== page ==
Great Meadow Wetland and Bass Harbor Marsh Selected for Federal Funding


Acadia National Park will receive federal funds for two crucial environmental projects in the park over the next two years.

The Great Meadow Wetland restoration will receive $500K in fiscal year 2022 and Bass Harbor Marsh $400K in fiscal year 2023. The funding was authorized through the bipartisan $550 billion Infrastructure Investment and Jobs Act that Congress passed last November. Both projects are Wild Acadia initiatives and a collaborative effort between Acadia National Park, Friends of Acadia, and the Schoodic Institute.

The Bipartisan Infrastructure Law is a $1 trillion investment in America’s infrastructure and will support National Park Service efforts to tackle the climate crisis in parks across the country. This is the largest investment in American history devoted to the restoration and protection of the environment.

Rebecca Cole-Will, Acadia’s Chief of Resource Management, said the new funding is intended to do ecosystem restoration for recreation and climate-smart management. “This federal funding supports and leverages significant investments by Friends of Acadia and the National Park Service in forwardthinking adaptive management. The Wild Acadia Initiative is a model approach, and this funding recognizes that.”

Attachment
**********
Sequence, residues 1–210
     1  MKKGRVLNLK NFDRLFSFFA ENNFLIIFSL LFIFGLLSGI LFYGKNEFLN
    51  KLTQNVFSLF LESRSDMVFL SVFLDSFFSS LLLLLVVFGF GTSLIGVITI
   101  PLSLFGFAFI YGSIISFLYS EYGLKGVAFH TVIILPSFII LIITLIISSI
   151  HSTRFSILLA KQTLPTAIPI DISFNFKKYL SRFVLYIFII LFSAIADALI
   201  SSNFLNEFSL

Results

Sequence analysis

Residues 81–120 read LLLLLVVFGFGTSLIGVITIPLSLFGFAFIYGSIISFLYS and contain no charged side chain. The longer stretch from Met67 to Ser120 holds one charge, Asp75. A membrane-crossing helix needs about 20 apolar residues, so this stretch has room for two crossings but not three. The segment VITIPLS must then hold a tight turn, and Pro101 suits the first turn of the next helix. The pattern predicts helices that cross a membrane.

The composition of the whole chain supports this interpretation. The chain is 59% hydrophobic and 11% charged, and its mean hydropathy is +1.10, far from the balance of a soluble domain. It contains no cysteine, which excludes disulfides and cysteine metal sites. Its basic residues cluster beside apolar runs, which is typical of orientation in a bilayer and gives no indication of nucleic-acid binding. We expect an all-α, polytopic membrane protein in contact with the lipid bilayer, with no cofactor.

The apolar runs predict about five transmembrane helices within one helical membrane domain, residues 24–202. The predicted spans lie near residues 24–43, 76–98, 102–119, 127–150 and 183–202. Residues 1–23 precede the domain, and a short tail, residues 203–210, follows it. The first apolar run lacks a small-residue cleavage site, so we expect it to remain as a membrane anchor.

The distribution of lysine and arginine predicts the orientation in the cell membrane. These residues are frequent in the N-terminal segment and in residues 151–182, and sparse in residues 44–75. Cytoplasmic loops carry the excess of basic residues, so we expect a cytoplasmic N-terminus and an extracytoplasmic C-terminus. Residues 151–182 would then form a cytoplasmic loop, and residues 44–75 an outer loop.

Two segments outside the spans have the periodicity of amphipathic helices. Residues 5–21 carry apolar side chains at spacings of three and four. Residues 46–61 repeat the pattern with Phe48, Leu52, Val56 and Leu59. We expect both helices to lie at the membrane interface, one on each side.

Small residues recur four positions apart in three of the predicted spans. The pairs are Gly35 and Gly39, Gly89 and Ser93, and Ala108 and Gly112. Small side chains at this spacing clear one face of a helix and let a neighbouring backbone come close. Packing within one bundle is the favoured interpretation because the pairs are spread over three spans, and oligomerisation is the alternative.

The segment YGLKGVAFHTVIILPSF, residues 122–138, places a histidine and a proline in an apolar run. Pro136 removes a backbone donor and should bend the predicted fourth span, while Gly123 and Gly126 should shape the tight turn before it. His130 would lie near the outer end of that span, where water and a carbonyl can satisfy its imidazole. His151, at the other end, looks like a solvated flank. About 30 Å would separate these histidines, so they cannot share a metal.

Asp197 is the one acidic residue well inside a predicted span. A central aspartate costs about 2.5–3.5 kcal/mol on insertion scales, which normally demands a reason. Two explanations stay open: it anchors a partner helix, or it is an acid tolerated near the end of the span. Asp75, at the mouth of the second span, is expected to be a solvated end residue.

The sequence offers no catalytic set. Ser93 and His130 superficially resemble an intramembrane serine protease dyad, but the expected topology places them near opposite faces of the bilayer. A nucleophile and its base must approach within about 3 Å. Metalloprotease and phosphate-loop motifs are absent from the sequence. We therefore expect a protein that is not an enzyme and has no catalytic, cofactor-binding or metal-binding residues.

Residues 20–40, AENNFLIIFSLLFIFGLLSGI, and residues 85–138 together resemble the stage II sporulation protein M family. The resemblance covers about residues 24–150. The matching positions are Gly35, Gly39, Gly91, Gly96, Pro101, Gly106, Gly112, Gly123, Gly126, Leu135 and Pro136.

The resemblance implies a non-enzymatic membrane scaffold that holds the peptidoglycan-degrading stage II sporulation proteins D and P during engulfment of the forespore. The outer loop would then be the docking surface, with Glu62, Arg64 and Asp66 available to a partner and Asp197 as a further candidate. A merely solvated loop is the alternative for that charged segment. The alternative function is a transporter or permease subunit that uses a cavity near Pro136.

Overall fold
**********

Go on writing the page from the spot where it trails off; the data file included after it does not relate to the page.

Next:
In the Great Meadow Wetland, the work will build on six years of previous efforts. Project plans include plugging ditches in the wetland to retain water naturally and prevent flooding downstream, installing culverts and boardwalks to enhance the recreation value of the trails and restore natural water flow, and planting native plants appropriate for future climates.

The project will begin in 2022 and will enable a more climateresilient and recreation-friendly environment. Additional funding is allocated to Bass Harbor Marsh in 2023. Bass Harbor Marsh is the largest salt marsh in the park and provides an important habitat for Nelson’s sparrows, which breed in salt marshes. It is also a culturally significant landscape for traditional harvesting of sweetgrass by Wabanaki people from the four federally recognized Indian Tribes affiliated with Acadia.

The Bass Harbor Marsh project is a part of a public-private partnership project to co-manage the marsh by integrating indigenous science and climate-smart techniques to restore salt marshes throughout the Maine Coastal Watershed. This project will leverage more than $6 million in private funding for restoration in the region and will be completed in 2023.

Brian Henkel, Wild Acadia Project Coordinator, said he believes that Acadia was well positioned for this federal funding thanks to its leadership in addressing how parks tackle climate change through the Resist-Accept-Direct (RAD) framework.

“In 2021, Acadia received national press for its work on climate change and the RAD framework. We in turn had visits from U.S. Department of Interior Secretary Deb Haaland and a delegation from the U.S. House of Representatives Sustainable Energy and Environment Coalition. Other parks are also reaching out to learn more about our work and I think we’ve built momentum. This is a great example of how private philanthropy and government can work together.”

SHANNON BRYAN is Friends of Acadia’s Content and Website Manager and LORI SCHAEFER is Friends of Acadia’s Communications Director